It was Issue 48 in Jan/Feb/Mar 2011 that introduced me to the writer Susan Hill, just as her short novel A Kind Man was being released and I’ve since read three more of her books.

In the latest edition there is a wonderful interview with Diana Athill, what an inspiring woman she is, winning the Costa biography award at 91 with her book Somewhere Towards the End and still writing from her North London residential retirement home.  She says it how it is and cites Jean Rhys’ for teaching her this, she mines her own experiences for a story, and cautions against being cruel to others, “you can be ruthless about yourself, but not when writing about friends” – you can read an extract from the interview here.

athill“I have never understood how many writers moan and groan about how awful writing is. Absolute nonsense.” Diana Athill

Recently, they have been conducting mini-surveys of readers which are then incorporated into the lead articles and some of the smaller snippets of information found throughout the magazine. It is extremely readable, which I put down to the fact that there is a reasonable portion of bite-sized articles, such as letters, extracts from posts, emails, tweets, along with fun and short, contemporary submissions from writers under the headings of rants, raves, a week of tweets, monologue, pen portrait, how I keep going, four lines that rhyme, a poetry or book review. Something for everyone.

Each quarter there is a themed New Writing section, always an excellent writing prompt whether you are interested to submit or not, short narrative or story up to 2,200 words, prose or sometimes poetry, the successful entries appearing in a future edition. I have seen many women being published for the first time through these exercises.

There is an annual poetry and short story competition and in 2012 there was a children’s novel competition for unpublished women novelists.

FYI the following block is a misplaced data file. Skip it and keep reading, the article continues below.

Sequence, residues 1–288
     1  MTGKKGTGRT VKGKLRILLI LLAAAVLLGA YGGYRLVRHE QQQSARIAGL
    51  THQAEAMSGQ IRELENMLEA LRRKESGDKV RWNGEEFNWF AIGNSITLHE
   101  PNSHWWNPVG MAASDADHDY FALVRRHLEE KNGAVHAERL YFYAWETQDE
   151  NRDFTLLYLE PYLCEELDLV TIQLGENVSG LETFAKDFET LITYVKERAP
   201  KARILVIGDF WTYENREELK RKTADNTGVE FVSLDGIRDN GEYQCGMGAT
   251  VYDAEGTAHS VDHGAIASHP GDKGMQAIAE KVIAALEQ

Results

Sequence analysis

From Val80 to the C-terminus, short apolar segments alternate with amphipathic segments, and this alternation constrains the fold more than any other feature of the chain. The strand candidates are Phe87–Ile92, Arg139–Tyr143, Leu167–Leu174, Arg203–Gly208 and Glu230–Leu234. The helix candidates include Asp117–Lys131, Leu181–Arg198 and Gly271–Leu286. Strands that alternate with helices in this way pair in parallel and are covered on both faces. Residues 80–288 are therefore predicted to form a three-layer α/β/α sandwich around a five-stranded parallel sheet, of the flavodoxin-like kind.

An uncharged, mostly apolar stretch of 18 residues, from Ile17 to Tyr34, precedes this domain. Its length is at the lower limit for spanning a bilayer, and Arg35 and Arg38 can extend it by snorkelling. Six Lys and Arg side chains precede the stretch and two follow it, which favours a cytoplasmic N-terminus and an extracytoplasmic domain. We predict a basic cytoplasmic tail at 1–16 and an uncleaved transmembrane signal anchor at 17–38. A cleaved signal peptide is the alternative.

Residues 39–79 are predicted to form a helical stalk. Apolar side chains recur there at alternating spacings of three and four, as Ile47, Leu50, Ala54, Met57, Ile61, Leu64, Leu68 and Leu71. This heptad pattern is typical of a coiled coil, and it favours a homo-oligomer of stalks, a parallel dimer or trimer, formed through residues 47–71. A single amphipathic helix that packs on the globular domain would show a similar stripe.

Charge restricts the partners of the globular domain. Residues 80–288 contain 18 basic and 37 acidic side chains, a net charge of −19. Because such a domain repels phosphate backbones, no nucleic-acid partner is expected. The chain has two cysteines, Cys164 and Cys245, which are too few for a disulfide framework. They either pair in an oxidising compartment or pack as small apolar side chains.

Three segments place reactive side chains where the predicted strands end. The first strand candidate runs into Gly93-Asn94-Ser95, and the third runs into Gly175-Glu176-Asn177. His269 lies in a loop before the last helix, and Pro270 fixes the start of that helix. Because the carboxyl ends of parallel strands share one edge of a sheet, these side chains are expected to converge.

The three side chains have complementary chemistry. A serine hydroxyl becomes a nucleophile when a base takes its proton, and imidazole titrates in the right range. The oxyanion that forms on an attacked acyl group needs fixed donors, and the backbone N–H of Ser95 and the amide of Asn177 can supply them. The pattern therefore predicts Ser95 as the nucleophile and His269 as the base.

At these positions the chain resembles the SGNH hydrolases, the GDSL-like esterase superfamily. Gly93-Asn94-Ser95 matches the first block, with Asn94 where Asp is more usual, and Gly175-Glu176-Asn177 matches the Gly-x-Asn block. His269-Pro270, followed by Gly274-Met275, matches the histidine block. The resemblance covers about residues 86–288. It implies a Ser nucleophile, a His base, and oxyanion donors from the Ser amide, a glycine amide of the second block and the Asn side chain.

In addition to all the wonderful information it lays at your fingertips, one of the things I love the most are the short bio’s of contributors, here is one from the 2009 poetry competition in which Pat Simmon’s touching poem ‘Jack discovers impermanence’ was a winner:

PAT SIMMONS, 64, was head of communications for ‘Send a Cow’, an African agricultural organisation, but has since retired. The conviction that whatever she writes will be rubbish stilts her creative progress, but an encouraging family keep her inspired and motivated. Finding writing by hand shackling, she works directly onto her laptop, a practice to which she wishes to dedicate more time. She was Blagdon’s 2005 Apple Wassail Queen – your guess is as good as ours – and on a trip to Rwanda was re-christened Munyanika: ‘As valuable as a cow.’

It is available online, but this is one publication that I like to have the physical magazine to read, there are so many gems and I return to back issues often. Oh and lets not forget the back page, always a delight to conclude with, ‘the bedside table‘, introduces an artist, author, intellectual or well-known personality who shares what’s currently on their nightstand, like gossip for book-lovers.